The Education Equity and Quality in Afghanistan and Pakistan (EEQAP) project uses a method called Community-Based System Dynamics to give community members the power to define what their specific primary school experience should be, and how everyone working together with the help of partner NGOs can bring positive education outcomes that promote learning, well-being, and empowerment.

Group Model Building workshops
Across more than one-hundred schools in Afghanistan and Pakistan, local teams of facilitators conducted participatory facilitation sessions – Group Model Building workshops – with children, parents, teachers, and community elders. This has brought community members together to define the system in which their school community operates, and how more inclusive teaching methods have an impact beyond the students and their learning outcomes.

Each workshop lasts one day and is separated into four sessions, each session building on the previous. The first is a focus group discussion: the facilitator asks the participants a series of questions around the concept of inclusive education, aiming for the participants to come up with a common definition of their own.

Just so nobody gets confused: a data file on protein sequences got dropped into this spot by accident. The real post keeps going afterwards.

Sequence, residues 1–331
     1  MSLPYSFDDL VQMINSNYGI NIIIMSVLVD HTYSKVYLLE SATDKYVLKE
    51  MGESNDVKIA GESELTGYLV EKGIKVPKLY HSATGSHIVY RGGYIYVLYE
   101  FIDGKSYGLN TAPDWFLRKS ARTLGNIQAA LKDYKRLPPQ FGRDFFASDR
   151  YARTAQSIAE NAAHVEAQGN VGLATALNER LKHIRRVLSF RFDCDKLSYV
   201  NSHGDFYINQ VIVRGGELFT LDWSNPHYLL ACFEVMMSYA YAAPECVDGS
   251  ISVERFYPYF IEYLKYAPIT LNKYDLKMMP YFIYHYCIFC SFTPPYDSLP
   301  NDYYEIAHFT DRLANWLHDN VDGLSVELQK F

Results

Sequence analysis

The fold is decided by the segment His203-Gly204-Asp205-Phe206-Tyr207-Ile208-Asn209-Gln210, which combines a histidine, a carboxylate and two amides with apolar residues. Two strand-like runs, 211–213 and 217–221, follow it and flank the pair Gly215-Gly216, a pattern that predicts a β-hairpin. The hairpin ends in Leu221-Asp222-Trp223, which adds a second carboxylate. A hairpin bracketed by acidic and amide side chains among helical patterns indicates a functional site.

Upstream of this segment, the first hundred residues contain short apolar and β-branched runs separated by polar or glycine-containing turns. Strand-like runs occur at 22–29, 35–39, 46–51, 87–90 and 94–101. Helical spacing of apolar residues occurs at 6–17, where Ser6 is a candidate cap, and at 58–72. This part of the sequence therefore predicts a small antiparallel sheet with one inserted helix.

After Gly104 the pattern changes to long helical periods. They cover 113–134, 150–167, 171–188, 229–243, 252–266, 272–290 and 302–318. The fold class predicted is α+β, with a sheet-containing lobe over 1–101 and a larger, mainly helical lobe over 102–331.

In the second session, the participants then identify and discuss the factors that can positively or negatively impact a child’s education, such as child labour, students’ attention in class, parents’ literacy, teachers’ salaries, access to water, etc. The most important factors are voted upon.

In the third session, the facilitator uses the ‘Connection Circle’ activity to help participants tell stories about how the factors are interconnected. As the connections develop, the participants can identify loops: where a chain of connections between factors leads back to the first factor considered.